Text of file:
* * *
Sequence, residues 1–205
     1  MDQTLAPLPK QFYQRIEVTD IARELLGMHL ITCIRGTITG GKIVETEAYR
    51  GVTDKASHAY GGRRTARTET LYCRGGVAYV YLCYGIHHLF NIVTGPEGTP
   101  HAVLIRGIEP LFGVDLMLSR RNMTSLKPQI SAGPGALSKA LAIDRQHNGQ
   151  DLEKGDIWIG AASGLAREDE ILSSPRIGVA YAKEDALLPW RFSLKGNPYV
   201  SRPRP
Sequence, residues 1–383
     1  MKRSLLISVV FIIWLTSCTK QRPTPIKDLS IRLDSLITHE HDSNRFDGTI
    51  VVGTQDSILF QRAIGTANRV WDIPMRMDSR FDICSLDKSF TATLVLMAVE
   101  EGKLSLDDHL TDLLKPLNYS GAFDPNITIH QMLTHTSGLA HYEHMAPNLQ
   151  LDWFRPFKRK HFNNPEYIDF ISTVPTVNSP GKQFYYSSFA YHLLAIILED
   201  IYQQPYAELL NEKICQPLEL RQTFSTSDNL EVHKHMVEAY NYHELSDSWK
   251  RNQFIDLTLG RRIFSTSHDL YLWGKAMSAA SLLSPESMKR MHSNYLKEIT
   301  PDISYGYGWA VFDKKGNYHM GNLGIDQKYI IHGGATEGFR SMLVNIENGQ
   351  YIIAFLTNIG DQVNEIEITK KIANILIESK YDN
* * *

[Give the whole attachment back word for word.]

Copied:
Sequence, residues 1–205
     1  MDQTLAPLPK QFYQRIEVTD IARELLGMHL ITCIRGTITG GKIVETEAYR
    51  GVTDKASHAY GGRRTARTET LYCRGGVAYV YLCYGIHHLF NIVTGPEGTP
   101  HAVLIRGIEP LFGVDLMLSR RNMTSLKPQI SAGPGALSKA LAIDRQHNGQ
   151  DLEKGDIWIG AASGLAREDE ILSSPRIGVA YAKEDALLPW RFSLKGNPYV
   201  SRPRP
Sequence, residues 1–383
     1  MKRSLLISVV FIIWLTSCTK QRPTPIKDLS IRLDSLITHE HDSNRFDGTI
    51  VVGTQDSILF QRAIGTANRV WDIPMRMDSR FDICSLDKSF TATLVLMAVE
   101  EGKLSLDDHL TDLLKPLNYS GAFDPNITIH QMLTHTSGLA HYEHMAPNLQ
   151  LDWFRPFKRK HFNNPEYIDF ISTVPTVNSP GKQFYYSSFA YHLLAIILED
   201  IYQQPYAELL NEKICQPLEL RQTFSTSDNL EVHKHMVEAY NYHELSDSWK
   251  RNQFIDLTLG RRIFSTSHDL YLWGKAMSAA SLLSPESMKR MHSNYLKEIT
   301  PDISYGYGWA VFDKKGNYHM GNLGIDQKYI IHGGATEGFR SMLVNIENGQ
   351  YIIAFLTNIG DQVNEIEITK KIANILIESK YDN